May 14 2010
So I showed you beautiful Baby Zoe in my last post, and promised you I’d tell you all about that pretty blanket she was modeling.
Project: The Frances Nursing Shawl from Kristen Rengren’s Vintage Baby Knits
Yarn: Plymouth Happy Feet, in the delightfully evocative color “6”. This particular blanket used just under four skeins, about 760 yards.
Needles: US 5/3.75 mm
Notes: This whole pattern was absolutely delightful, from beginning to end. The blanket is worked in five pieces: first the center square, and then the lace border is worked in four pieces from the outside edge in. The blanket is then seamed together. While that might seem like a lot of work, it makes for a good sturdy blanket that is extremely portable knitting. Since I was only working on a small piece at any given time, it was extremely easy to pull out on the train or in Starbucks to work on. And the lace pattern was easily memorized, which just upped the portability factor that much more.
I did make one change to this pattern, based mainly on the fact that the called-for 8 skeins of STR for the original was, well, far beyond my budget. Not that I wouldn’t love to make a huge blanket like that, but it’s just not feasable right now. So I sized it down by half, and I still got a nice substantial blanket out of it. If you’re looking to do the same, you only need to make two, very simple changes.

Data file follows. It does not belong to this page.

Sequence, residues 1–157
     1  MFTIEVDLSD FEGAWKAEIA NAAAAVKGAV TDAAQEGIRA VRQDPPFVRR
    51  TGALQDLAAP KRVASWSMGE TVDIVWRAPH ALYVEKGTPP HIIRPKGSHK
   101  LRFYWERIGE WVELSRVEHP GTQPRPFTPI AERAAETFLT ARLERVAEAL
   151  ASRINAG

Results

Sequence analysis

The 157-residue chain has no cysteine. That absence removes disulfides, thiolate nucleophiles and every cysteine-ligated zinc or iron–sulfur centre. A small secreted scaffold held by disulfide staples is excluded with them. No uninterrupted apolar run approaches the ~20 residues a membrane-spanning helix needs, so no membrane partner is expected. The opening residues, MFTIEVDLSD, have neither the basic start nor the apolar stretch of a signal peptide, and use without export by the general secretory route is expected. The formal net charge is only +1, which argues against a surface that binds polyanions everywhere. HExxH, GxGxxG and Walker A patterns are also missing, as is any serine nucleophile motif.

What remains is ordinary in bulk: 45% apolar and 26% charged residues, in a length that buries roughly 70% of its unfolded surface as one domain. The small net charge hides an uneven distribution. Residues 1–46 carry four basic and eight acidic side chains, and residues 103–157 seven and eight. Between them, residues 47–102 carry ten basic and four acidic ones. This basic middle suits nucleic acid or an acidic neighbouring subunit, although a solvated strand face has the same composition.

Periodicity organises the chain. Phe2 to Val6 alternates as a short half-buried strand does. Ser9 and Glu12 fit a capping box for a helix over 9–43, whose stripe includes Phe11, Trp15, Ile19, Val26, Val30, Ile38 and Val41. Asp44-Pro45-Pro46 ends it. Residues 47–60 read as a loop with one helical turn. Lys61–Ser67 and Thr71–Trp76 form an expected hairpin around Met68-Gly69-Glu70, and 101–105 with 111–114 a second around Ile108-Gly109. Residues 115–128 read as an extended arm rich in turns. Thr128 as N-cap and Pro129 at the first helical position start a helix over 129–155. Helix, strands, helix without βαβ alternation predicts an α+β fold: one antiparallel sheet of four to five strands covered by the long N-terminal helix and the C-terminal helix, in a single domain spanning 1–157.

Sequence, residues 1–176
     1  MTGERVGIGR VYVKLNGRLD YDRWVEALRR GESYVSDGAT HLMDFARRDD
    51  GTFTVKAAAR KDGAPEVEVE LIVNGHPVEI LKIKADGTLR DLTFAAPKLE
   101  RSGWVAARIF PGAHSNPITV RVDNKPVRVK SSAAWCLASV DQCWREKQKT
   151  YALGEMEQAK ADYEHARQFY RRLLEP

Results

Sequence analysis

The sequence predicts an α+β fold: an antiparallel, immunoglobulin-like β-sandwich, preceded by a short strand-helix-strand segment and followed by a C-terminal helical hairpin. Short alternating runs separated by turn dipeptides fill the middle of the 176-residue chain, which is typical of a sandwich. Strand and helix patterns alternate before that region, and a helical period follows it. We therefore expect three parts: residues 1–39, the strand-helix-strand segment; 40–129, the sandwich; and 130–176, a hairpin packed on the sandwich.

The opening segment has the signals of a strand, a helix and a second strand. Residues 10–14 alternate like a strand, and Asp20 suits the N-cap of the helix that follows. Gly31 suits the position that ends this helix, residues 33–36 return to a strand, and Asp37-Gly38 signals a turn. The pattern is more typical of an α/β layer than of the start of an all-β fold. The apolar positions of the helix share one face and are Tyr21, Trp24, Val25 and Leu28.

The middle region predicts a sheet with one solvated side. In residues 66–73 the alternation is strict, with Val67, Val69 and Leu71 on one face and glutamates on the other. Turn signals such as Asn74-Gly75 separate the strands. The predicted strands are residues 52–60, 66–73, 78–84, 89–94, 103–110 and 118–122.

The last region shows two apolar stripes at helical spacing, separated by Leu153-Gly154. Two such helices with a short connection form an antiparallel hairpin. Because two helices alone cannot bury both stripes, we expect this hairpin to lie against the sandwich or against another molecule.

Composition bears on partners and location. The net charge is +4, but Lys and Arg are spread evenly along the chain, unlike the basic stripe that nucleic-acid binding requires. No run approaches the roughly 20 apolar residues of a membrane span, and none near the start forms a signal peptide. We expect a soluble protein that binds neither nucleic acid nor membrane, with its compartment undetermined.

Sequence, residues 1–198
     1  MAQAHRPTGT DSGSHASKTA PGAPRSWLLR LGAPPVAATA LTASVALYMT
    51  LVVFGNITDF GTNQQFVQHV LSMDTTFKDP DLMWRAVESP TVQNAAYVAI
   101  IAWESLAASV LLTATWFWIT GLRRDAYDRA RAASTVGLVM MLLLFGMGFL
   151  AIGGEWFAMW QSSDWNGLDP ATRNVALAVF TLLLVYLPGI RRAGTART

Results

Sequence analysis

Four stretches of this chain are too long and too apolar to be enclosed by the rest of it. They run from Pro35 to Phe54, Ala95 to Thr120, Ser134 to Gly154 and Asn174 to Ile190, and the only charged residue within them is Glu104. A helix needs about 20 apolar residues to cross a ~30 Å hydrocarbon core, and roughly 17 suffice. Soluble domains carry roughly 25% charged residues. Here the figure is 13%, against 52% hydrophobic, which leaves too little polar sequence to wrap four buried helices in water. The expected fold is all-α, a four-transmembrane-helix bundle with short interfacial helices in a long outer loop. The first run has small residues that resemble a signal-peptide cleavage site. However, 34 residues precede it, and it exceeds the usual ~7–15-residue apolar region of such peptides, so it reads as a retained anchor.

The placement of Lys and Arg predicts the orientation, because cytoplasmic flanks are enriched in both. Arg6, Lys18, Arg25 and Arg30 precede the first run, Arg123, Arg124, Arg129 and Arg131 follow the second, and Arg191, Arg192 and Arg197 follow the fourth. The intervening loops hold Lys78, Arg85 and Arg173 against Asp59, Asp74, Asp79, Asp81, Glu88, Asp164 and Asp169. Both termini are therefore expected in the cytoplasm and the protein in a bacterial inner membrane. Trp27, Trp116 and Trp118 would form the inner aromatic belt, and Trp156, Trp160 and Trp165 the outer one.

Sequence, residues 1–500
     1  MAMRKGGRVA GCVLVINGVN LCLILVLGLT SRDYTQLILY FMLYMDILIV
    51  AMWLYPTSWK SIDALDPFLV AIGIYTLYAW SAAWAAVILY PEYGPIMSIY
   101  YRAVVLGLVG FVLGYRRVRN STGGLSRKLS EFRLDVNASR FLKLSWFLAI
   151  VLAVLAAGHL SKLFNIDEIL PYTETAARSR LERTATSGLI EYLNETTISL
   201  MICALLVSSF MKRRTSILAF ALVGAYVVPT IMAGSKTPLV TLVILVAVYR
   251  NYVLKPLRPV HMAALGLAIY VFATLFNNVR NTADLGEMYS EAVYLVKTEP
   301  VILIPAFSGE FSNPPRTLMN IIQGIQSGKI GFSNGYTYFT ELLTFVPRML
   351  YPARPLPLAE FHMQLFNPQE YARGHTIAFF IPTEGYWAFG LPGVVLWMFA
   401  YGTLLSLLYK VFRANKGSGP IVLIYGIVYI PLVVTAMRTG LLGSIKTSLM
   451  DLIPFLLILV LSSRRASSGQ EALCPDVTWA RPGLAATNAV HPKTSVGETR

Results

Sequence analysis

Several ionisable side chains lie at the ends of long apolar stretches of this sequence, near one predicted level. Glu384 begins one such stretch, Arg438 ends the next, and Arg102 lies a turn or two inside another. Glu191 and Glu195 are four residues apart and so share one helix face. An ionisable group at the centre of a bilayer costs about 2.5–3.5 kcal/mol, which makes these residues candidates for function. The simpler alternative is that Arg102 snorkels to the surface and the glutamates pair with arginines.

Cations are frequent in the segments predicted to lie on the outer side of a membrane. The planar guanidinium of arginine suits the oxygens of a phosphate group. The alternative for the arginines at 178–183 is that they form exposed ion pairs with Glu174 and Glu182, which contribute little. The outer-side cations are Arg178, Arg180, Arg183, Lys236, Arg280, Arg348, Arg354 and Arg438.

To size this blanket down by half:
For the center panel: cast on 90 stitches, and work according to the pattern until it is 15″ from the cast on edge.
For each lace panel: cast on 157 stitches and work according to pattern, repeating chart only 6 times (36 rows).
The pattern says to block pieces before seaming, but I’m an impatient process knitter, so I dove right in and seamed everything and then blocked. The lace opened up and the center panel’s garter ridges turned into a wonderful textural feature.
This pattern is spectacular. Kristen has a great collection, and if you’re got baby knitting coming down the pike this is a book you should really consider owning. It’s well written, beautifully photographed, and full of spectacular projects. Zoe clearly approves.
(I know I showed you this picture already, but I love it THAT MUCH. You can’t blame me, can you. Of course not.)
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